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Thousands marched on Friday through Port Said, located at the Canal’s Mediterranean end, pumping their fists and chanting, “Leave, leave, Morsi.” They threatened to escalate pressure with civil disobedience and a work stoppage at the vital Suez Canal authority if their demand for punishment of those responsible for protester death is not met.

“The people want the Republic of Port Said,” protesters chanted, voicing a wide sentiment among residents that they are fed up of negligence and mistreatment by central government and that they want to virtual independence.

Buses brought protesters from the two other Suez Canal cities of Suez and Ismailia to join the Port Said rallies.

Friday marked the first anniversary of a mass soccer riot in Port Said that left 74 people dead, mostly fans of Al-Ahly, Egypt‘s most popular soccer team, which was playing a local Port Said team, Al-Masry.

The past weekend’s violence in Port Said was sparked when a court convicted 21 people, mostly locals, in the soccer deaths, a verdict residents saw as unjust and political. Over the next few days, around 40 people were killed in the city in unrest that saw security forces firing on a funeral.

Egypt‘s main opposition political grouping, the National Salvation Front, called for Friday’s protests in Cairo, demanding Morsi form a national unity government and amend the constitution, moves they say would prevent the Islamist from governing solely in the interest of his Muslim Brotherhood group.

“The policies of the president and the Muslim Brotherhood are pushing the country to the brink,” the opposition said in a statement.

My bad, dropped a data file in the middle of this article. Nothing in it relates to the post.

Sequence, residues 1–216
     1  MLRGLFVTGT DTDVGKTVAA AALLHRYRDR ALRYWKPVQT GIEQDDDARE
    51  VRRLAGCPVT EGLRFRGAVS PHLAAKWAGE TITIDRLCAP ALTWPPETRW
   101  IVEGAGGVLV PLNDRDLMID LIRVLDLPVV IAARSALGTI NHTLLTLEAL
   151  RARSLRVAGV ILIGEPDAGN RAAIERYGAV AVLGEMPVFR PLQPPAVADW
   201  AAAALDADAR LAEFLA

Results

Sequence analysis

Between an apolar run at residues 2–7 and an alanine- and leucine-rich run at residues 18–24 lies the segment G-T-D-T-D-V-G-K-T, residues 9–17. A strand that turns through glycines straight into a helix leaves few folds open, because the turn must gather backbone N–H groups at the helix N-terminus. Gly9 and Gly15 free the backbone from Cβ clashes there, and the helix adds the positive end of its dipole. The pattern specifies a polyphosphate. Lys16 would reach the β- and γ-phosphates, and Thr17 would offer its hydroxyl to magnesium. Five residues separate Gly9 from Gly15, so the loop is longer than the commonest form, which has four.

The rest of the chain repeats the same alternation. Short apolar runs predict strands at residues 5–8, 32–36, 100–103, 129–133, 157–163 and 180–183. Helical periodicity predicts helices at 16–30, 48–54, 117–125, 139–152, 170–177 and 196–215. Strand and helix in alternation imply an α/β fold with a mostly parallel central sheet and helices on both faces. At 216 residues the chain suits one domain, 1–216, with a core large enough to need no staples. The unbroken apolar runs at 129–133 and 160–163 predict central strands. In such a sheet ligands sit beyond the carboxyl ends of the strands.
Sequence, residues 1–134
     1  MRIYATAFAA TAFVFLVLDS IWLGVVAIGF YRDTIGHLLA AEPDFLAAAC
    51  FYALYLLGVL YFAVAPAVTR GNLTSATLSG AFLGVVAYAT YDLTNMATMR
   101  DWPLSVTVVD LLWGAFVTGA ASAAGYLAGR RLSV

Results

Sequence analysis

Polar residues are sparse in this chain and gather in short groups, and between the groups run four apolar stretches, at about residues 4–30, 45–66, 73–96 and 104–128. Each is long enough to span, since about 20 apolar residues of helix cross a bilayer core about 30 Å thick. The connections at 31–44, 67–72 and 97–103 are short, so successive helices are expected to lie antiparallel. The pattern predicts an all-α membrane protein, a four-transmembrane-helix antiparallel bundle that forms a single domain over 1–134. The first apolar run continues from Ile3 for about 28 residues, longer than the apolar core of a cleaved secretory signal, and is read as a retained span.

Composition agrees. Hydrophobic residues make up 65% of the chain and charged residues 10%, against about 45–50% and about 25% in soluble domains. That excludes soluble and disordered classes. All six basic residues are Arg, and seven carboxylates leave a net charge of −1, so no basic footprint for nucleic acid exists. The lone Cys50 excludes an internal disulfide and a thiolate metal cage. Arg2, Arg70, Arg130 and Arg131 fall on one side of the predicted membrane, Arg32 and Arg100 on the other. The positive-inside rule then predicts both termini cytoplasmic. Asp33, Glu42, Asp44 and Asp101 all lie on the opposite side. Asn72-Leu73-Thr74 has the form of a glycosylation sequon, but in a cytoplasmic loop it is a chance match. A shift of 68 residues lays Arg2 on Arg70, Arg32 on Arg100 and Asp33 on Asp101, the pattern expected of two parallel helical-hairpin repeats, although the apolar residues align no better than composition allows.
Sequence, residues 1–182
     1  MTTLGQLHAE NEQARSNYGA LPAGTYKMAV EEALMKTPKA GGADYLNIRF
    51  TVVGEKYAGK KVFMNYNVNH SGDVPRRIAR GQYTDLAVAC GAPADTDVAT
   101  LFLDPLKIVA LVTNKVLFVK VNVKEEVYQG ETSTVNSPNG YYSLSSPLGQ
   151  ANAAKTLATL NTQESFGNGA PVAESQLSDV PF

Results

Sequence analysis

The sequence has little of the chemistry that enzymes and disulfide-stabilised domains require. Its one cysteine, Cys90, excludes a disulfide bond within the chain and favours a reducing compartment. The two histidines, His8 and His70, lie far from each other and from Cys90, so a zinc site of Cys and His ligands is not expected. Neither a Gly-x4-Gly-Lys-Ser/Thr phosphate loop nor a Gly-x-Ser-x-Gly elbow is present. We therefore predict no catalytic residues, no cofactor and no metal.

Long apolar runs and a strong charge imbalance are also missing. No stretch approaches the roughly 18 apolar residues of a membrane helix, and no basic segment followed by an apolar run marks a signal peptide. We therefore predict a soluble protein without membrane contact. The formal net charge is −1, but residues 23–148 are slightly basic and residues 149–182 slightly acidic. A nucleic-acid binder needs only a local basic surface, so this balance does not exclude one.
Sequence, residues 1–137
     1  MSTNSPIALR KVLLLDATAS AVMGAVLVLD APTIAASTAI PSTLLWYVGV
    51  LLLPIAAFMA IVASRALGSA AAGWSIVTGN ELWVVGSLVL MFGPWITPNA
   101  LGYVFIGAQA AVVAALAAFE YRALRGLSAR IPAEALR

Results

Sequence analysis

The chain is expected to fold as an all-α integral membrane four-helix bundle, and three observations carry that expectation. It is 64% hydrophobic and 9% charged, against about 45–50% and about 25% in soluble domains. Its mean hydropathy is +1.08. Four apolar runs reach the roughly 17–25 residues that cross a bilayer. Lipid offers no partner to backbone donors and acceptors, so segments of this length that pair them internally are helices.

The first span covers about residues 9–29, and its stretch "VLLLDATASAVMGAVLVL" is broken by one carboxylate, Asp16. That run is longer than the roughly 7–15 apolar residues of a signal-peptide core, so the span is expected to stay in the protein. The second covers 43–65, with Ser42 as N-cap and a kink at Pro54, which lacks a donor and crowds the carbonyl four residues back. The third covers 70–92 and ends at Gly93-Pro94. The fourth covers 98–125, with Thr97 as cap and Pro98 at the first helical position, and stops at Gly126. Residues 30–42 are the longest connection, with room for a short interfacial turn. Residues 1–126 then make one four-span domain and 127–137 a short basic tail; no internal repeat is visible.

However, the call came a day after the Front held a meeting with Morsi’s Muslim Brotherhood under the aegis of Egypt‘s premier Islamic institution, Al-Azhar, in their first ever meeting. They and other politicians signed a joint statement denouncing violence.

The meeting appeared to have caused rifts within the opposition, with some saying the Front had handed the Brotherhood the high ground by signing a statement that seemed to focus on protester violence and made no mention of police use of excessive force or explicitly talk of political demands.

“Al-Azhar’s initiative talks too broadly about violence as if it’s the same to kill a person or break a window and makes no difference between defensive violence and aggressive violence, offering a political cover to expand the repression, detention, killing and torture by the hands of police for the authority’s benefit,” read a joint statement by 70 activists, liberal politicians, actors and writers.

“The initiative didn’t represent the core of the problem and didn’t offer solutions but came to give more legitimacy to the existing authority,” it added.

Those who attended the Thursday’s rare meeting between Egypt‘s rival political camps defended the anti-violence initiative.

Egypt‘s leading pro-democracy advocate Mohammed ElBaradei and a Front leader described allegations that the Front is making political compromises them as “intentional attempt to split the ranks.”

“We toppled down Mubarak regime with a peaceful revolution. We insist on achieving the goals the same way whatever the sacrifices and the barbaric suppression tactics,” the Nobel peace Laureate tweeted.

Ahmed Maher, co-founder of April 6 group which led the anti-Mubarak uprising, said in a tweet: “I am against violence as a solution.” An opposition party leader Ahmed Said said in a statement, “no one can say no to an initiative to stop violence.”